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Researcher Spotlight: Benjamin Lawler, Ph. D.

Faculty researcher, Professor Benjamin Lawler, Ph.D., joined the Department of Mechanical Engineering at Stony Brook University in 2015. Prof. Lawler’s research is focused on efficiency and emissions of internal combustion engines. He is a two-time recipient of the Mechanical Engineering’s “Students’ Choice Award for Excellence in Teaching”. One student’s nomination stated that Prof. Lawler, “demonstrates unparalleled dedication and respect toward his students, treating them as equals in his pursuit to both educate and inspire.” In celebration of this award, he has been selected for the Researcher Spotlight of Summer 2018. 
Here is a little bit about Professor Lawler:

What interested you in joining the Department of Mechanical Engineering at Stony Brook University?

In high school, I was a math and science tutor. In college, I was a supplemental instructor, undergraduate teaching assistant, general tutor, and academic program mentor. Through these experiences, I knew that I loved teaching and helping others better understand complicated math, physics, and engineering concepts. This is what motivated me to go to graduate school, get my PhD, and to seek academic positions. I made that decision 11 years ago when I was a rising Senior. I've been working toward that goal ever since. I was interested in joining Stony Brook to fulfill my dream of working with students and to start my own research program.

What do you like most about working at Stony Brook?

The thing that I like the most is working with the students at Stony Brook. I appreciate teaching the students a topic that they would not otherwise know, which develop into skills that they can carry into their future endeavors.     

In what area is your research focused? cad_model

I do research on internal combustion engines. I try to find ways to better understand the physical and chemical processes that happen inside the cylinder so that we can improve the efficiency and emissions characteristics of combustion engines.  

What interested you in internal combustion?

I was interested in all aspects of mechanical engineering, including thermodynamics, heat transfer, fluid dynamics, mechanics, and dynamics. For me, the internal combustion engine is a device where all of these areas play an important role in the performance. Additionally, internal combustion engines are vital to meet the transportation needs of our society. The transportation sector consumes approximately one third of the energy used by the U.S. and contributes a similar fraction of the U.S. CO2 emissions. Clearly, there is a great need for higher efficiency engines to meet our transportation needs and reduce energy consumption and CO2 emissions.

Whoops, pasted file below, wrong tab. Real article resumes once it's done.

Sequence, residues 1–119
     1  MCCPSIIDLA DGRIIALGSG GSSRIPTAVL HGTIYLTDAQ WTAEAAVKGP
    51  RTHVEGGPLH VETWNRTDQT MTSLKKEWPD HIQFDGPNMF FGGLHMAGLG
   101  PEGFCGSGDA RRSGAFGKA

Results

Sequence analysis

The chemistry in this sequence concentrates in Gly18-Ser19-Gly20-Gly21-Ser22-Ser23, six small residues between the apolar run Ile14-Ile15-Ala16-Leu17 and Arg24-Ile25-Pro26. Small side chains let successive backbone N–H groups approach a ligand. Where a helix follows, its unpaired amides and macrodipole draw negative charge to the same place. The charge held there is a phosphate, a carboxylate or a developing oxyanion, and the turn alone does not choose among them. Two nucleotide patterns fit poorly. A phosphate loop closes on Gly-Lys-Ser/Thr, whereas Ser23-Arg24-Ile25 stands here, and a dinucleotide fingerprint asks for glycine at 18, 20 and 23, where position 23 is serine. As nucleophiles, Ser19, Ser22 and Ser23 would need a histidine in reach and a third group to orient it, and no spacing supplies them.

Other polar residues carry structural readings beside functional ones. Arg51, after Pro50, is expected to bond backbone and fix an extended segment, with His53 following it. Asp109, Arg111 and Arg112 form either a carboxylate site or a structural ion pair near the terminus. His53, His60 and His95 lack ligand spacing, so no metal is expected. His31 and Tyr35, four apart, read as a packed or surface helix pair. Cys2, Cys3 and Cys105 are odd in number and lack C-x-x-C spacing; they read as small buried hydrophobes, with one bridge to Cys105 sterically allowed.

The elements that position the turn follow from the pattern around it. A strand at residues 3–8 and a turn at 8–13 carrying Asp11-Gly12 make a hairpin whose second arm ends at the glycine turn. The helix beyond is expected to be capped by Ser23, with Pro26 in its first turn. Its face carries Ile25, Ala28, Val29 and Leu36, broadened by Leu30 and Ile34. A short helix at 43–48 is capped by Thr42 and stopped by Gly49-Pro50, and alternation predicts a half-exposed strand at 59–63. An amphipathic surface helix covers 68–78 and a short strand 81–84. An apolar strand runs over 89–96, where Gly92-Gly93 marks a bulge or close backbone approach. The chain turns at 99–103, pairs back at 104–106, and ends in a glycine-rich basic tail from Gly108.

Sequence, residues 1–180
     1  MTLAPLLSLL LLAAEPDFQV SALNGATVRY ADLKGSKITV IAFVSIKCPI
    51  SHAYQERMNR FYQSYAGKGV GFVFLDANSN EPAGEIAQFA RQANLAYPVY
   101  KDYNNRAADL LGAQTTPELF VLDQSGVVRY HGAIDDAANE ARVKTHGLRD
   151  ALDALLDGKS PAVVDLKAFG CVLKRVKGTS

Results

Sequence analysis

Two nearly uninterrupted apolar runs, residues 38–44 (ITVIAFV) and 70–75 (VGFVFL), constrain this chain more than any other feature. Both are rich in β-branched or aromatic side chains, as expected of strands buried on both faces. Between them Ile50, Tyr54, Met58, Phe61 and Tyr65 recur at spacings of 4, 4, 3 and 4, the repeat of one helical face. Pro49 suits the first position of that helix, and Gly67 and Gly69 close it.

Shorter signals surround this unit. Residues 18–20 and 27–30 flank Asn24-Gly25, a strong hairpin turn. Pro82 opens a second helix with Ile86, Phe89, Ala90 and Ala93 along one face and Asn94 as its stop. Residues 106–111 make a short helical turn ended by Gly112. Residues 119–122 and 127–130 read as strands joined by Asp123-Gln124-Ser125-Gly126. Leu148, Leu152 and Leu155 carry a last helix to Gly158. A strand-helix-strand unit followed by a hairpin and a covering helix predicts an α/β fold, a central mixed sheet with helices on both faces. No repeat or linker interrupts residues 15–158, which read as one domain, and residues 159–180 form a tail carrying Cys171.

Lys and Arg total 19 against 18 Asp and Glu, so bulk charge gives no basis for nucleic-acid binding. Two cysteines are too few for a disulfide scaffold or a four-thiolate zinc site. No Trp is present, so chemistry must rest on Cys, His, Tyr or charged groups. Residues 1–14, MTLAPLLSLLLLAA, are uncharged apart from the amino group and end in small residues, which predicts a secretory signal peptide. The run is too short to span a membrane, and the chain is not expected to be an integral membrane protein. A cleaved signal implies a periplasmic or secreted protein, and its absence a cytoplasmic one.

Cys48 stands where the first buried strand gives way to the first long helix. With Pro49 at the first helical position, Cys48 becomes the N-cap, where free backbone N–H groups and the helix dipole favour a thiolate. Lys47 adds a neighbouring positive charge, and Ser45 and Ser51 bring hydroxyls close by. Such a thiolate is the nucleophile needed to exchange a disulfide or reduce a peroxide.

What career advice would you give to students who are looking to work as a Mechanical Engineer?

Two pieces of advice that I can offer are: 1) Take pride in the work that you do, but don't have pride in yourself. Instead, be your own harshest critic, because admitting our mistakes and accepting fault is how we improve ourselves and become better people. As soo lawler_mamalis_1n as you start thinking that you're the best at something, then you've stopped learning. And 2) Do the best job that you can at any given moment. Sometimes the cards are stacked against you and the best job you can do is get through a bad situation. Other times, things will work in your favor, the stars will align, and if you do the best job you can during those moments, you'll go far. Some things are beyond your control, but that's alright. The only thing that you can control is your response to the situations that you're in. So all we can do is the best job that we can in any given moment.

Are there any "fun facts" about yourself that you'd like to share?

I play piano and guitar. I used to have more hobbies, like playing sports (mostly soccer, basketball, hockey, and frisbee), when I had free time. I met my wife in high school. Instead of coffee, I drink one can of coke per day, and if I don't get my can of coke, my wife will tell you that I get cranky. 

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